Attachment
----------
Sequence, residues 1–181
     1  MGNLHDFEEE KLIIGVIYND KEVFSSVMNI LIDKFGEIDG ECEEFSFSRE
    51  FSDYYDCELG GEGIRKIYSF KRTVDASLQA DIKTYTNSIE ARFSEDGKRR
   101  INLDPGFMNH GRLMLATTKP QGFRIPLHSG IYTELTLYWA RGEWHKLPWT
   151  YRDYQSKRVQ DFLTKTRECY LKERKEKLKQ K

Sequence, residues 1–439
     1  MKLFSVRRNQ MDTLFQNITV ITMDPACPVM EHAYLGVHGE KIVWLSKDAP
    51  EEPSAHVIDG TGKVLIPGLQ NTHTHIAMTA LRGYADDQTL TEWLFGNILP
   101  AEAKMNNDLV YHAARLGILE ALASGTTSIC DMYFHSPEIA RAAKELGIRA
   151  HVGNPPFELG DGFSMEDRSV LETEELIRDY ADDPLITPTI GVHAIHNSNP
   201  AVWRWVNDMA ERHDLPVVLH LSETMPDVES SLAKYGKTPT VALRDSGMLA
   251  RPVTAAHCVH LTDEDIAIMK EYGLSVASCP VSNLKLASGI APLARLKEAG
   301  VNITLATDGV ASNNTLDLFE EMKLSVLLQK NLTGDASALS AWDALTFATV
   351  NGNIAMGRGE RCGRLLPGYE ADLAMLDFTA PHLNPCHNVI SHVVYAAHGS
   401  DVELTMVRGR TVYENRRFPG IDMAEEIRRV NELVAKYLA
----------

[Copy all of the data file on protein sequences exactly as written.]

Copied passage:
Sequence, residues 1–181
     1  MGNLHDFEEE KLIIGVIYND KEVFSSVMNI LIDKFGEIDG ECEEFSFSRE
    51  FSDYYDCELG GEGIRKIYSF KRTVDASLQA DIKTYTNSIE ARFSEDGKRR
   101  INLDPGFMNH GRLMLATTKP QGFRIPLHSG IYTELTLYWA RGEWHKLPWT
   151  YRDYQSKRVQ DFLTKTRECY LKERKEKLKQ K

Sequence, residues 1–439
     1  MKLFSVRRNQ MDTLFQNITV ITMDPACPVM EHAYLGVHGE KIVWLSKDAP
    51  EEPSAHVIDG TGKVLIPGLQ NTHTHIAMTA LRGYADDQTL TEWLFGNILP
   101  AEAKMNNDLV YHAARLGILE ALASGTTSIC DMYFHSPEIA RAAKELGIRA
   151  HVGNPPFELG DGFSMEDRSV LETEELIRDY ADDPLITPTI GVHAIHNSNP
   201  AVWRWVNDMA ERHDLPVVLH LSETMPDVES SLAKYGKTPT VALRDSGMLA
   251  RPVTAAHCVH LTDEDIAIMK EYGLSVASCP VSNLKLASGI APLARLKEAG
   301  VNITLATDGV ASNNTLDLFE EMKLSVLLQK NLTGDASALS AWDALTFATV
   351  NGNIAMGRGE RCGRLLPGYE ADLAMLDFTA PHLNPCHNVI SHVVYAAHGS
   401  DVELTMVRGR TVYENRRFPG IDMAEEIRRV NELVAKYLA